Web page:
As I said with the status of University of Maryland as a quasi-governmental organization or with the lack of transparency with patented research that was funded with public money because this research is now proprietary........WHEN UNIVERSITY PROFESSORS ARE WORKING FOR PROFIT AND PRODUCT....there is no academic freedom and academic freedom is yet another cornerstone of democracy.
Johns Hopkins has a small university with a large corporate complex. It is a corporation. Hopkins receives a trillion dollars over a few decades in public money to grow its presence into a global corporation while Morgan State University....A PUBLIC UNIVERSITY.... is defunded and left not even getting the public funding due.
PRIVATE UNIVERSITY USES PUBLIC MONEY TO BECOME GLOBAL CORPORATION WHILE MARYLAND PUBLIC UNIVERSITIES DIE ON THE VINE FROM LACK OF FUNDING.
The neo-liberals in Congress and Obama sent hundreds of billions of dollars to build research facilities for these corporate universities and these funds were then used to expand global reach with development and marketing. THEY DID IT BECAUSE THEY ARE MAKING CORPORATIONS OF OUR EDUCATION SYSTEM.
Tuitions are high because public universities are now corporate R and D......Human Resources.....and send tons in administration in doing this along with marketing and expansion. WE DO NOT NEED MARYLAND PUBLIC UNIVERSITIES FIGHTING FOR FOREIGN MARKET OF STUDENTS WHEN WE HAVE A WHOLE STATE FULL OF CITIZENS. The concept of needing the Best of the Best in the World or that we need to BE PREPARED TO COMPETE GLOBALLY IS TOTAL BULL!
Academic Freedom and the Corporatization of Universities
University of Toronto, Scarborough, April 6, 2011
[NB: This is a partial transcript. For video of the lecture, click here: http://www.youtube.com/user/uoftscarborough#p/c/0/Q97tFyqHVLs]
A couple of months ago, I went to Mexico to give talks at the National University in Mexico, UNAM. It's quite an impressive university -- hundreds of thousands of students, high-quality and engaged students, excellent faculty. It's free. Actually, the government ten years ago did try to add a little tuition, but there was a national student strike, and the government backed off. And, in fact, there's still an administrative building on campus that is still occupied by students and used as a center for activism throughout the city. There's also, in the city itself, another university, which is not only free but has open admissions. It has compensatory options for those who need them. I was there, too; it's also quite an impressive level, students, faculty, and so on. That's Mexico, a poor country.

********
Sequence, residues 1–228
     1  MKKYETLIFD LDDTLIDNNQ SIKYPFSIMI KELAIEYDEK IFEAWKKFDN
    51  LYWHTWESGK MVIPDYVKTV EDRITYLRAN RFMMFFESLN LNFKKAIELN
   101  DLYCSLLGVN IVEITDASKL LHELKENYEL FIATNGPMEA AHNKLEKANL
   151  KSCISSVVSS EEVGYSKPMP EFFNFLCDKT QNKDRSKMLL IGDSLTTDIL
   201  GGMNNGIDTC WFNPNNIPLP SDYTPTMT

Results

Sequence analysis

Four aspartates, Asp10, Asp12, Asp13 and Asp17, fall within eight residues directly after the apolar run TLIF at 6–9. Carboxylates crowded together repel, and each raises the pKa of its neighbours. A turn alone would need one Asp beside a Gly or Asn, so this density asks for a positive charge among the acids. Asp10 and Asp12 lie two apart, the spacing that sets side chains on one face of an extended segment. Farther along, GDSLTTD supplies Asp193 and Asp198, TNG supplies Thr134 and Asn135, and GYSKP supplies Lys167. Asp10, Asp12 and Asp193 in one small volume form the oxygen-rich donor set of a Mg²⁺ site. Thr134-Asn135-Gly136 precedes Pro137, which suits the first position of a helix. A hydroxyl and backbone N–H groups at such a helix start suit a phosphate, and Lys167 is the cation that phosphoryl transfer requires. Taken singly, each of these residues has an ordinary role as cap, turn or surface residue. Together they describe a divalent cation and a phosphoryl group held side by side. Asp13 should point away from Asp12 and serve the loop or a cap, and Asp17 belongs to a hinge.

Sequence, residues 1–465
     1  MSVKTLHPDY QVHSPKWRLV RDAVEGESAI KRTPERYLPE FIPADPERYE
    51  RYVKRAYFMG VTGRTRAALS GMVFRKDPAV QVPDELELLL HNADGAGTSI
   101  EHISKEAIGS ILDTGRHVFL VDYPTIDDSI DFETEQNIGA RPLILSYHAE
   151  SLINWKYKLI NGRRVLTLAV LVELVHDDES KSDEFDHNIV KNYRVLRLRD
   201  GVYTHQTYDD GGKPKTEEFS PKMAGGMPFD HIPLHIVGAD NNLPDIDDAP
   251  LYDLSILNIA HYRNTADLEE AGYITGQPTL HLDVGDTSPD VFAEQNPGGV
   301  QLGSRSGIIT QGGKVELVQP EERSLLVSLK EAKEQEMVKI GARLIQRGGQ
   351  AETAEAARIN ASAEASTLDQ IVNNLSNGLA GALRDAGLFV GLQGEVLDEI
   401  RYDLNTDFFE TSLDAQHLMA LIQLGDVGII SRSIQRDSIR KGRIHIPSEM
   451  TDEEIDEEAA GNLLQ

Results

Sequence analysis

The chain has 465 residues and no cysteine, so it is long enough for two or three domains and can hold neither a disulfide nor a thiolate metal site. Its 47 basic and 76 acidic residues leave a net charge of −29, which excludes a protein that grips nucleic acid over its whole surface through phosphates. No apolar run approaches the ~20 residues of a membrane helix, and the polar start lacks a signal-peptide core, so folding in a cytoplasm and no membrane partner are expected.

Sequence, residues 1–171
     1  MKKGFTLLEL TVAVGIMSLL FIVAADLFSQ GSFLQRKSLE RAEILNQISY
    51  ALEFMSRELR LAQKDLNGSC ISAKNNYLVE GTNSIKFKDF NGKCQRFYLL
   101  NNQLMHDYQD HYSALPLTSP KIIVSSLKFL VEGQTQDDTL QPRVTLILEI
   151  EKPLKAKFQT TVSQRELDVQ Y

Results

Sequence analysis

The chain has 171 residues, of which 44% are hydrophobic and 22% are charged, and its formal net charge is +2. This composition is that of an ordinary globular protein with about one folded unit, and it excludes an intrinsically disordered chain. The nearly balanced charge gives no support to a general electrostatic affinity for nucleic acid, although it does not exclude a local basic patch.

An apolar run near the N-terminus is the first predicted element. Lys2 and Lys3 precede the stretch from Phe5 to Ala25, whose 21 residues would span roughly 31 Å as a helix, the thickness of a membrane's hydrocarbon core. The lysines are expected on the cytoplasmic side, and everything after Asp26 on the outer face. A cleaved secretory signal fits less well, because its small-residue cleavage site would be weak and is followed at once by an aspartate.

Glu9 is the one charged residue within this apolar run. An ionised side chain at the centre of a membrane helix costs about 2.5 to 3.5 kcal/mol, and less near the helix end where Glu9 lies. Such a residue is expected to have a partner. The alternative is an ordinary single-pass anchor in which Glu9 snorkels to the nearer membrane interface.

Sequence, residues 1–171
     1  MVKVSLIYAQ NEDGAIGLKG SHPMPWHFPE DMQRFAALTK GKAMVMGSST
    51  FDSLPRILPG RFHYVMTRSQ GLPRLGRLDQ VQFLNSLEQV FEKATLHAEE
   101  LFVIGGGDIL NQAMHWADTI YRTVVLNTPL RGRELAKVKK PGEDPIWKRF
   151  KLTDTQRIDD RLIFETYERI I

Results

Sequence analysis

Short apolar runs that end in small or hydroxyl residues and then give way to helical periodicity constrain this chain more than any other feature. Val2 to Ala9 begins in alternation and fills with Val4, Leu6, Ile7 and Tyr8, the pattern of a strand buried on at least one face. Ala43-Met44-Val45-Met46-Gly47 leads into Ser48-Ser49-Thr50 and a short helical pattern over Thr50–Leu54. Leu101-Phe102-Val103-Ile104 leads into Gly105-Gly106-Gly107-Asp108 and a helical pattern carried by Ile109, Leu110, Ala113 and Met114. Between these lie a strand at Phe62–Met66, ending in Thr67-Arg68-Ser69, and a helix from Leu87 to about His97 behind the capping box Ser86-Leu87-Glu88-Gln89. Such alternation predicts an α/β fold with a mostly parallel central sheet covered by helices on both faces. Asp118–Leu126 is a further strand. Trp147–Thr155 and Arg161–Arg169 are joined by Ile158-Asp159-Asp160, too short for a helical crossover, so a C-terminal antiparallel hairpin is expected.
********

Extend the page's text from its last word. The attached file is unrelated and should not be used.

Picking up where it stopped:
Right after that I happened to go to California, maybe the richest place in the world. I was giving talks at the universities there. In California, the main universities -- Berkeley and UCLA -- they're essentially Ivy League private universities -- colossal tuition, tens of thousands of dollars, huge endowment. General assumption is they are pretty soon going to be privatized, and the rest of the system will be, which was a very good system -- best public system in the world -- that's probably going to be reduced to technical training or something like that. The privatization, of course, means privatization for the rich [and a] lower level of mostly technical training for the rest. And that is happening across the country. Next year, for the first time ever, the California system, which was a really great system, best anywhere, is getting more funding from tuition than from the state of California. And that is happening across the country. In most states, tuition covers more than half of the college budget. It's also most of the public research universities. Pretty soon only the community colleges -- you know, the lowest level of the system -- will be state-financed in any serious sense. And even they're under attack. And analysts generally agree, I'm quoting, "The era of affordable four-year public universities heavily subsidized by the state may be over."
Now that's one important way to implement the policy of indoctrination of the young. People who are in a debt trap have very few options. Now that is true of social control generally; that is also a regular feature of international policy -- those of you who study the IMF and the World Bank and others are well aware. As the Mexico-California example illustrates, the reasons for conscious destruction of the greatest public education system in the world are not economic. Economist Doug Henwood points out that it would be quite easy to make higher education completely free. In the U.S., it accounts for less than 2 percent of gross domestic product. The personal share, about 1 percent of gross domestic product, is a third of the income of the richest 10,000 households. That's the same as three months of Pentagon spending. It's less than four months of wasted administrative costs of the privatized healthcare system, which is an international scandal.
It's about twice the per capita cost of comparable countries, has some of the worst outcomes, and in fact it's the basis for the famous deficit. If the U.S. had the same kind of healthcare system as other industrial countries, not only would there be no deficit, but there would be a surplus. However, to introduce these facts into an electoral campaign would be suicidally insane, Henwood points out. Now he's correct. In a democracy where elections are essentially bought by concentrations of private capital, it doesn't matter what the public wants. The public has actually been in favor of that for a long of time, but they are irrelevant in a properly run democracy.